Agreed, they are cutting him as much unjustified slack as the press is, and are arguably even more responsible for the state we're in.

            Sometimes, when I've got my paranoid cranked up past 7 or so, I wonder if the conjunction of the above mentioned claims of power to torture anyone they want combined with the proven ability to eavesdrop on anyone they want without a warrant (a power which we now know they've used on reporters and politicians) work to reduce the collective spine of those that should be standing up and saying "Hey, wait just a cotten picking minute!"

            Perhaps it isn't dereliction of duty so much as rational fear of a powerful and amoral opponent.

            -- MarkusQ

      • Look what happened to Peter Arnett:

        Peter Arnett made stuff up and got busted for it. Operation Tailwind? Yeah, right. He was a self promoting dick who cloaked himself in the false mantle of left wing hero worship to make himself some kind of a martyr. Too many people on the left eat up his peacenik crap and can't see that he just did it to cover his own sorry ass, and those that aren't dedicated lefties just assume that all lefties are that way.
    • by innerweb (721995) on Tuesday April 22, 2008 @04:53PM (#23164276)

      Nah. I place the real blame with the average news consumer who is not at all interested in truth, merely entertainment. Seems many people these days only want an answer for what ails them. A true answer is not needed. Same with the war. The truth was easy to spot before the war, but it was not in demand, so people easily swallowed the lie others offered instead. Can you imagine how the poor average viewer would feel if they saw the true results of their indifference to the realities of htis war before it started. Patriotism indeed!

      Just like the current elections. How much of what is being bantered about is truth? "I will","When I am elected" and other such comments are not truths but are promises. The truths are only in the past and many of those are unfulfilled promises. As easily as this country was sold on an Iraq invasion in spite of all of the evidence to the contrary, it does not say much about the average Joe citizen's desire for truth or real factual news..

      There are publications out there that produce news. Mostly unbiased news. They cost money. They are not free. They are not cheap. Why? Because only a relatively small part of the population is interested in what they have to say. So, they do not get a mass market to sell ads to. They do not get a large distribution to spread costs over. What they do get are people who want to know what is really happening and are willing to pay for that knowledge.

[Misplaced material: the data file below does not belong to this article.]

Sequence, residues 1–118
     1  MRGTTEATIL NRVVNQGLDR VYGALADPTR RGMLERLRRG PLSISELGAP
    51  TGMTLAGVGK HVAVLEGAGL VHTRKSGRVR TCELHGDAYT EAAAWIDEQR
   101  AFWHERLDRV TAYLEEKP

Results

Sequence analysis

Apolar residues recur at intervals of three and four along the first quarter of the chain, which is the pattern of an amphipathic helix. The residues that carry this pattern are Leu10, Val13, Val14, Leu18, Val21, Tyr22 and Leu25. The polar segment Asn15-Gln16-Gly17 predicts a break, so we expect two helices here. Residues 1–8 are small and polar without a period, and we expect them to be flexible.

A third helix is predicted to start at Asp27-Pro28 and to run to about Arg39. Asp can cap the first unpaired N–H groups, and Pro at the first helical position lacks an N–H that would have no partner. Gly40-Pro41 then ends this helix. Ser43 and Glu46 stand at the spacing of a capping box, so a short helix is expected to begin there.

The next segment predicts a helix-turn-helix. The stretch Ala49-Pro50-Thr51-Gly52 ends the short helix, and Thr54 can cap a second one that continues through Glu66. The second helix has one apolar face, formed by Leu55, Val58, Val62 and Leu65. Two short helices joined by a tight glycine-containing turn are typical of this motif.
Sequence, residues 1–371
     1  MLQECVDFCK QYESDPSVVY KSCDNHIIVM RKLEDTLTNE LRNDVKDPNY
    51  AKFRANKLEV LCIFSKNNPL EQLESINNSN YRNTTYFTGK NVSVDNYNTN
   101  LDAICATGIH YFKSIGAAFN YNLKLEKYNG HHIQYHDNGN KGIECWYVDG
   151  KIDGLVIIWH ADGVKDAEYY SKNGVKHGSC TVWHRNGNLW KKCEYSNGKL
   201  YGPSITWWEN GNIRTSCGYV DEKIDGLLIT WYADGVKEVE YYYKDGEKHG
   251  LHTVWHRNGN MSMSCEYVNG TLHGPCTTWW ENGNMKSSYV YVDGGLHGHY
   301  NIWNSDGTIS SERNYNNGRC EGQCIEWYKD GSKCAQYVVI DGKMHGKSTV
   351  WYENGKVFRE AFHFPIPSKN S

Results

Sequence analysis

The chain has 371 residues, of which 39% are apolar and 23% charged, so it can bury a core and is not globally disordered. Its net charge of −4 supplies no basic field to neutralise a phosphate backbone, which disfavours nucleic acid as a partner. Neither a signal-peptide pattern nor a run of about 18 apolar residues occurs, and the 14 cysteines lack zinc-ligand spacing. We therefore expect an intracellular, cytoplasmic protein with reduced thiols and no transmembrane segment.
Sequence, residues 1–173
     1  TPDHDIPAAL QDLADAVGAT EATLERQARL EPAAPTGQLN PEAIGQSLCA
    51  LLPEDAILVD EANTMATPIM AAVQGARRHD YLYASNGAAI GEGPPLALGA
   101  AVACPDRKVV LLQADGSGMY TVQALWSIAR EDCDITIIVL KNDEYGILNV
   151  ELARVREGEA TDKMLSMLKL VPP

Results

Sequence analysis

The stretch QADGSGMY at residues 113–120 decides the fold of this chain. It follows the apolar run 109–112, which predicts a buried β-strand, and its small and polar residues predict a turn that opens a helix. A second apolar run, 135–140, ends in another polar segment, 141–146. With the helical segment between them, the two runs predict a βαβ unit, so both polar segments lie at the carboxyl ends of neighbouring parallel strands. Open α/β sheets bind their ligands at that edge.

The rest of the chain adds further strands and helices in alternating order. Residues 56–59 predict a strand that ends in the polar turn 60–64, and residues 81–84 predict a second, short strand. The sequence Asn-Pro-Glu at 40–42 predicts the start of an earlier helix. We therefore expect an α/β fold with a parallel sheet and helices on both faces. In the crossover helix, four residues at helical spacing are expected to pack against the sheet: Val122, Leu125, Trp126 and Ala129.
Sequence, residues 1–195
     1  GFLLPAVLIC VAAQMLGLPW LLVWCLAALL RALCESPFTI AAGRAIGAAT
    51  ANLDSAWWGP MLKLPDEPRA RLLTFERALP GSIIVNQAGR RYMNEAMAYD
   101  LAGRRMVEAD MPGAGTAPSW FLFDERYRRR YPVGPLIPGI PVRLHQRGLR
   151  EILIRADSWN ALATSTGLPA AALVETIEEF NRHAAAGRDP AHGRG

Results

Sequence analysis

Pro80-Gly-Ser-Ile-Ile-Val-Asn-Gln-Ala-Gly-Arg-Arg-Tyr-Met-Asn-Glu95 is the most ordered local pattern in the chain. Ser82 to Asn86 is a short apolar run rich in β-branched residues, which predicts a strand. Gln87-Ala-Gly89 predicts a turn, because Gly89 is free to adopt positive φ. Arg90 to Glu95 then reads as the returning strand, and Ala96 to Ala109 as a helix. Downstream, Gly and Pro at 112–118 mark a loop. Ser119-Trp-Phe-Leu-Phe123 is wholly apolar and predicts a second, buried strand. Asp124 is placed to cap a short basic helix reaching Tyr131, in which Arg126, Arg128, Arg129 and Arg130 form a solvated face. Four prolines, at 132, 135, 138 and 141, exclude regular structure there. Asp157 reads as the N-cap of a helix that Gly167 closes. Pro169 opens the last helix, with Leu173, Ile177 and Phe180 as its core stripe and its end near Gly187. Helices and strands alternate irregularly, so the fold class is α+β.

The media outfits are an entertainment industry. They are paid based upon number of copies sold and ad value based on reader rates. They are not in any way shape or form paid based upon factual news. They are only paid to provide what a large enough market segment wants to make the paper profitable. So, you can blame the media, but you would be asking them to go out of business by providing the cold hard truth to people who do not want it. They Brittany. They want Baseball. They want lots of meaningless stuff.

      InnerWeb

    • Re: (Score:3, Insightful)

      by ArmyOfFun (652320)
      Part of the blame certainly lies with the media organizations who didn't do a good job vetting conflicts of interest when it came to the various officer's business and active DoD ties.

      What concerns me more though is that this was part of a planned and deliberate effort to mislead Americans and shape public opinion.

      I believe the various departments under the executive branch can and should inform the public. They should explain what their actions are and the consequences of those actions are in a fact based
    • not monocausative (Score:5, Insightful)

      by globaljustin (574257) <justinglobal@@@gmail...com> on Tuesday April 22, 2008 @05:56PM (#23165038) Homepage Journal
      a wise history professor of mine taught that no problem is monocausative. it's true. putting blame on one single entity and piling on the shame ignores the other contributing factors to the problem, and allows them to continue unabated.

      of course the media outfits share some of the blame, but to say the "real" blame lies with them does not hold the Pentagon, Bush administration, and the American people accountable. They all share the "real" blame, and the ACTUAL people who are lying (aka the generals) get the lion's share of that blame. It's their words first and foremost.

      "the media" isn't one entity. The propaganda machine described in the NYTimes article is primarily for TV News. Standards and practices vary wildly between types of newsmedia. I, like many, hate the jerry-springerization of what has in the past been thought of as "tv news". Fox News is #1 on this list by a mile...it just isn't journalism in any traditional sense. But, it gets high ratings.

      Notice I didn't say "alot of people watch". Ratings are a survey of a (supposedly) representative sample. Neilsen and others do a horrible job of providing information to advertisers about what people actually watch. This is an ancient problem of perception in TV that pre-dates cable, CNN, etc. Ratings in their current incarnation simply do not accurately reflect what people watch and why, and it skews the business decisions at the top of the news companies and for the advertisers.